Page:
Sowing a Culture of Interdependence
Recently a story came across our Facebook feed that told of an action taken by the Pennsylvania Dept of Agriculture that seemed.... In brief, the PA Dept of Agriculture, went to an organizing meeting for a new seed library in the town's public library (a senior official and ag agents!) and claimed it posed a threat of "eco-terrorism" urging the community library to disband the project, which, of course, they did. After reading the story, a number of SLOLA members had a fast and furious correspondence on Facebook supplemented by text messages and phone calls; was this a concern we could be facing? The answer appears to be: Definitely a maybe.
|Showing children the seeds, letting them touch them
and see the amazing diversity of just one plant: corn.
We found the California codes on the same subject and they had the same wording as the Pennsylvania codes - in fact, we have learned since that almost every state uses the same language, taken from the Federal laws, so there is consistency. So it seems that Pennsylvania could be the harbinger of future actions in other states. The language that seems to be critical to seed libraries comes towards the top of the code, in definitions, where it states:
The italics are mine. That is where I think seed libraries seem to cross with this law. Until this action, state departments of agriculture have not thought of seed libraries as dens of terrorists or people proposing to grow noxious weeds, but who knows what lurks in the hearts of Pennsylvanian gardeners? After all, it is the home of the Rodale 'empire' and Mike McGrath, gardening radio personality with a decidedly irreverent streak, and all those Amish seed savers and William Woys Weaver. I can fathom where they begin to see their seed saving gardeners as truly a hotbed of insurrection. However, there appears, at least to me, some wiggle room around this wording - after all, do we barter, exchange or trade? Are we not simply 'lending' seeds to members who have agreed to our model of seed saving?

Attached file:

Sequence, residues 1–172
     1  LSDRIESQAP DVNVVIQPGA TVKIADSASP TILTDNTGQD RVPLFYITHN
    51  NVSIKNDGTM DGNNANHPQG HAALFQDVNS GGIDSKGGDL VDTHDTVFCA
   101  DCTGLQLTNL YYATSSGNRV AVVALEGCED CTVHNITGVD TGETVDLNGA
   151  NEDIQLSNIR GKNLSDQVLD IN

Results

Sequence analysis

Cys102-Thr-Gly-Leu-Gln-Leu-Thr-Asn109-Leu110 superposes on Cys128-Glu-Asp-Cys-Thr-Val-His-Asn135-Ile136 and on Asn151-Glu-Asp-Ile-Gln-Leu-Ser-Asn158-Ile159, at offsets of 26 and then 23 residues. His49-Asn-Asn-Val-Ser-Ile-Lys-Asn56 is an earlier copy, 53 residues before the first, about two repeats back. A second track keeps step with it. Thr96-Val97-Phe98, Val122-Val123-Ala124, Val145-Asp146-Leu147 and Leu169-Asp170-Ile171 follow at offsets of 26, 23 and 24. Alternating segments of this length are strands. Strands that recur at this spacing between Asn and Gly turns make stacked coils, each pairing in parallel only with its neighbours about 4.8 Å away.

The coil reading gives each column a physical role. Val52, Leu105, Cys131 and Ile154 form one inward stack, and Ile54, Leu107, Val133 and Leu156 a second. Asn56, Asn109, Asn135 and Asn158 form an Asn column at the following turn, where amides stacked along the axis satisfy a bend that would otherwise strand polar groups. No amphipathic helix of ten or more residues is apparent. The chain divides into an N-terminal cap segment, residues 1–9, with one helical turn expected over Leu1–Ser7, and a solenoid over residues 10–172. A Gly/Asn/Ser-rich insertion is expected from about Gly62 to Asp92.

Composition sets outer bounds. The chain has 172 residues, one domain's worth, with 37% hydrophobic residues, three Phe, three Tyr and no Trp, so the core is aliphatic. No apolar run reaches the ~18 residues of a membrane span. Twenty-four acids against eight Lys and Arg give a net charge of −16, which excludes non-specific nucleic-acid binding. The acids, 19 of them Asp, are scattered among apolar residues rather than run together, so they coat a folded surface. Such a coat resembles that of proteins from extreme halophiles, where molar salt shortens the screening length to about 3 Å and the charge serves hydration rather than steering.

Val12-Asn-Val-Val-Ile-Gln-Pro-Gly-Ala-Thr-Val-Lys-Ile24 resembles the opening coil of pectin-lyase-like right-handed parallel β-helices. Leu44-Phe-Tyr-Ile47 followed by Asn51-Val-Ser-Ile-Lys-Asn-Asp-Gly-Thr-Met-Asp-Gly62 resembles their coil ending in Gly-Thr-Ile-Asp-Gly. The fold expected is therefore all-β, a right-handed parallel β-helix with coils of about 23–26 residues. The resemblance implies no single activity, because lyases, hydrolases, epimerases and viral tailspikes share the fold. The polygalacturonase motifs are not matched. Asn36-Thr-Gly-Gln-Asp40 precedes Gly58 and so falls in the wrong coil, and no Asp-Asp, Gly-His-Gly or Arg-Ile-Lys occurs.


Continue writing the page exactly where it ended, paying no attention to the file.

If this does apply to seed libraries, we are in for some interesting times ahead because, it seems, we will be responsible for seed germination tests, and labeling requirements. I'm sure we can find ways around this (declare the seed to be 'substandard' and do away with subjecting our seeds to the germ test entirely). But that's only two of many requirement and the totality of these laws might make seed libraries an onerous burden to the public libraries that house many of them. We have questions, but at this time no answers.
In the meantime, SLOLA is seeking a pro bono attorney to help us decipher the legalese. Look for more information on this and our responses to it coming up. We aren't going away and hopefully all seed libraries can use whatever we find in regards this legal morass.
Keep your dial on this station - as some folks say, "more will be revealed."